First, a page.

|By Roger Culos - Own work, CC BY-SA 3.0, https://commons.wikimedia.org/w/index.php?curid=23164794. Sweetgum tree spikey seeds.|
My neighbor across the street was trimming his Sweet Gum tree. I will try to get a photo later when I pose my stump collection. Some praise this tree, and cities once encouraged their innocent residents to plant it for shade.
No other tree is so messy, producing countless spiky seeds that cover the yard and the streets, especially here where so many grow.
| The print copies of Creation Gardening are starting to arrive,|
and they are even more beautiful than imagined.
Thank you - Norma Boeckler, Janie Sullivan, and
I began talking to the crew while Sassy worked the group for food. She eventually got two plates of meat. We talked about two of my trees that needed more pruning but were not safe for amateurs to trim. Too tall.
I asked for a family discount.
"I am his brother-in-law."
I said, "We are neighbors, like family." I patted my neighbor on the back.
They gave me a figure.
"I don't have that kind of money. I'm not a painter, like him." They laughed.
We settled on a bargain family discount, and they offered to come in a week. That changed to the next day, at 10 am. They arrived at 8 am.
They quickly reduced the maple tree to a more slender shape than ever before. In the back, they cut off a tall section of a tree that shaded the entire fence along the Wright side of the yard. The crew of three quickly stacked all the trashy parts along the curb for pick-up and cut up the trunk pieces into stumps, some quite handsome and tall.
A distant neighbor decided to bag all his leaves in two categories. Some were large bags of oak leaves. Others were filled with pine needle (no cones). They gave me two carloads with several bags still left behind. Our helper thinks we have put thousands of pounds of organic material on the yard. Counting the stumps, that is reasonable.
Our helper came over and lined up the smaller trunk pieces for more rustic fencing around the gardens.
You may be wondering, "How did those gigantic maple trunk pieces come crashing down without hurting the Crepe Myrtle plants that were just dug in?" I told them about the row of new plants on the West side of the rose garden. Although one enormous section came crashing down there, the entire row was not only spared, but looking like nothing happened. Some roses may be messed up, but they looked good too. And I could hardly expect a pruning party to do no harm below, given my own record of falling over and into the roses.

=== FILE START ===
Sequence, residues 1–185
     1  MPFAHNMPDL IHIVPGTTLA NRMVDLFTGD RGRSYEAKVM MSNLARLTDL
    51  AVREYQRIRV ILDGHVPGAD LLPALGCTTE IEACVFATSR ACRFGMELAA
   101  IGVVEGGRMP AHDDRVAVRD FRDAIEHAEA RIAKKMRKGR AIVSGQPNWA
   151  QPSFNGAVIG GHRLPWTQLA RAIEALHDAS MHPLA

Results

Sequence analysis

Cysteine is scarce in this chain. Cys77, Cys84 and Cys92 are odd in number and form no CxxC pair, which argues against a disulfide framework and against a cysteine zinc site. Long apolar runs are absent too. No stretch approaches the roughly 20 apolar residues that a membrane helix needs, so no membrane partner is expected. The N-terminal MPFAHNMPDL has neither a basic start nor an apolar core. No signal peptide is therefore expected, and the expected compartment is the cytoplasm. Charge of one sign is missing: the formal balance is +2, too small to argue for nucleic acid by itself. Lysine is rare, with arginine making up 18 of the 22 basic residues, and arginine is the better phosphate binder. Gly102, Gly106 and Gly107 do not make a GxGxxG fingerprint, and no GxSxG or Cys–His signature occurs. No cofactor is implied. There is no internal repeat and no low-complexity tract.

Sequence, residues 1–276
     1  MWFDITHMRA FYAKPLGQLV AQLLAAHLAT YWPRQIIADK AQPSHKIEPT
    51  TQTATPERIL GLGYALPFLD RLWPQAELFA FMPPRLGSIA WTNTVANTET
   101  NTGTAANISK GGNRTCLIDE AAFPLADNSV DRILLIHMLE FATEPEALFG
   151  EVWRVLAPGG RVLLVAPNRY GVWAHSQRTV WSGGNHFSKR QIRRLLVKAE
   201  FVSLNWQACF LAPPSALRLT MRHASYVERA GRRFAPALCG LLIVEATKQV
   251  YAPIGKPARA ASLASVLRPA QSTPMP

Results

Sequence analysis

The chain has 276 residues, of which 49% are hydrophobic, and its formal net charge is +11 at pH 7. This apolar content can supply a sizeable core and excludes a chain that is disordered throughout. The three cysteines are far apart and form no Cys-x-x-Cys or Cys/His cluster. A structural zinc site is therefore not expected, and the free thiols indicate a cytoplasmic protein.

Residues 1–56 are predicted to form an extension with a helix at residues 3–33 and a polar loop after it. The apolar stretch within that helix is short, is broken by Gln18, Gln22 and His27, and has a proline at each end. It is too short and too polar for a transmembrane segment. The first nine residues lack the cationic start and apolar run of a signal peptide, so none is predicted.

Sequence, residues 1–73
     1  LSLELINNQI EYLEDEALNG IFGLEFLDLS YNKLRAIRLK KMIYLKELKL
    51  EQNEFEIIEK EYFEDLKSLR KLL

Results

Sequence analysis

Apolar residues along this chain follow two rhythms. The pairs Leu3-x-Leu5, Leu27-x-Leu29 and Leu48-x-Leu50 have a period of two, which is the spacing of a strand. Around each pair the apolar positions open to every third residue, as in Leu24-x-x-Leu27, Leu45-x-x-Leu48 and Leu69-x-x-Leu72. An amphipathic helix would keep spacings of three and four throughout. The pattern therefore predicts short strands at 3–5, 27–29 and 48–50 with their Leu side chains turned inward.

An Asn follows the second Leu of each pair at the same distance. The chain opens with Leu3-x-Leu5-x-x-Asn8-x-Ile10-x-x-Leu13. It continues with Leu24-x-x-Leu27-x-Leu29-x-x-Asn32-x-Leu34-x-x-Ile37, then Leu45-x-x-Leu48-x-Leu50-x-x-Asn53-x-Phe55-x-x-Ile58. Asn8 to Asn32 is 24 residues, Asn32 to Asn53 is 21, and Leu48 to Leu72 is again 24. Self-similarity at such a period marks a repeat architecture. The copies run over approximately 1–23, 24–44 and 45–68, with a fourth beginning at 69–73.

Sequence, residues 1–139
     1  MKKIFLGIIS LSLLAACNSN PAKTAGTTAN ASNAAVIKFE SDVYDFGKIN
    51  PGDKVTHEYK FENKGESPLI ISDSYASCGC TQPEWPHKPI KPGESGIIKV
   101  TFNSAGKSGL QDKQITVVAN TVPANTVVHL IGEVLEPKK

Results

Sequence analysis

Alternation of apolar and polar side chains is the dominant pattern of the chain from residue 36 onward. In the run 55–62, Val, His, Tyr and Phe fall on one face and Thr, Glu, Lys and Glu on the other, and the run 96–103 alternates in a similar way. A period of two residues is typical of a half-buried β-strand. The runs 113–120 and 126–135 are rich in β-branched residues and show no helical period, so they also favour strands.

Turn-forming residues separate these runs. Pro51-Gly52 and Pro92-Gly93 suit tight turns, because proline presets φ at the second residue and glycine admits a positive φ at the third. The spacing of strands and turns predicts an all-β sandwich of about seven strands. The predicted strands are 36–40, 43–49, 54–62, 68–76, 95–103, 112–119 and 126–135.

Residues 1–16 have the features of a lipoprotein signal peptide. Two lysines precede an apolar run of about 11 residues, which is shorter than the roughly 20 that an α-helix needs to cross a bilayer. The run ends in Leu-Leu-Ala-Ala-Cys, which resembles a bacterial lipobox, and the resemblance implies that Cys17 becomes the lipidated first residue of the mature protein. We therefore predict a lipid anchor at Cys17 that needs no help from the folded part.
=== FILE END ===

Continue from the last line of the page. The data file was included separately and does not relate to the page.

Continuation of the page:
Our helper and I also raked more broken up and half-decayed maple leaves onto the big Crepe Myrtle that I dote on.
The point of leaving so many tree pieces on the ground is basic to Creation Gardening. Feeding the soil is really adding organics for the wee little creatures that break down leaves, grass, and wood into foods that other creatures use and plant roots absorb.
As Jeff Lowenfels has shown in his brilliant books. the relationships between root fungus, bacteria, protozoa, earthworms, moles, all soil creatures, and plant roots is complex and multi-layered.
Saying the plants need nitrogen is almost as useful as saying, "Turn the computer switch to on." Once the gardener realizes that microscopic fungi protect and feed plants, sending them water and nitrogen and organic compounds, the vale of leaves and dead tree parts will rise in value.
But wait - there's more. A tree stump is a resting place for squirrels and birds, which enjoy a lookout. The interface between the stump and soil is a dark, damp rotting zone, promoting and protecting various delicious creatures. Birds and toads know this, so they like stumps for food. Once the food party begins, more creatures arrive. They may be the beetles that hunt at night for pests.
Over time, as Jeff Lowenfels has shown, the organic compounds are locked up and swapped among all the creatures in the soil. A dead earthworm is a tragedy, according to the ancient Egyptians, but it is also food for ants, who carry it away in a solemn procession, or fertilizer for a lucky plant.
Knee-deep in leaves in the early spring means being knee-deep in flowers later.
|Teaming with Microbes is where smart gardeners start to understand the symphony of complexities and dependencies |
in the garden.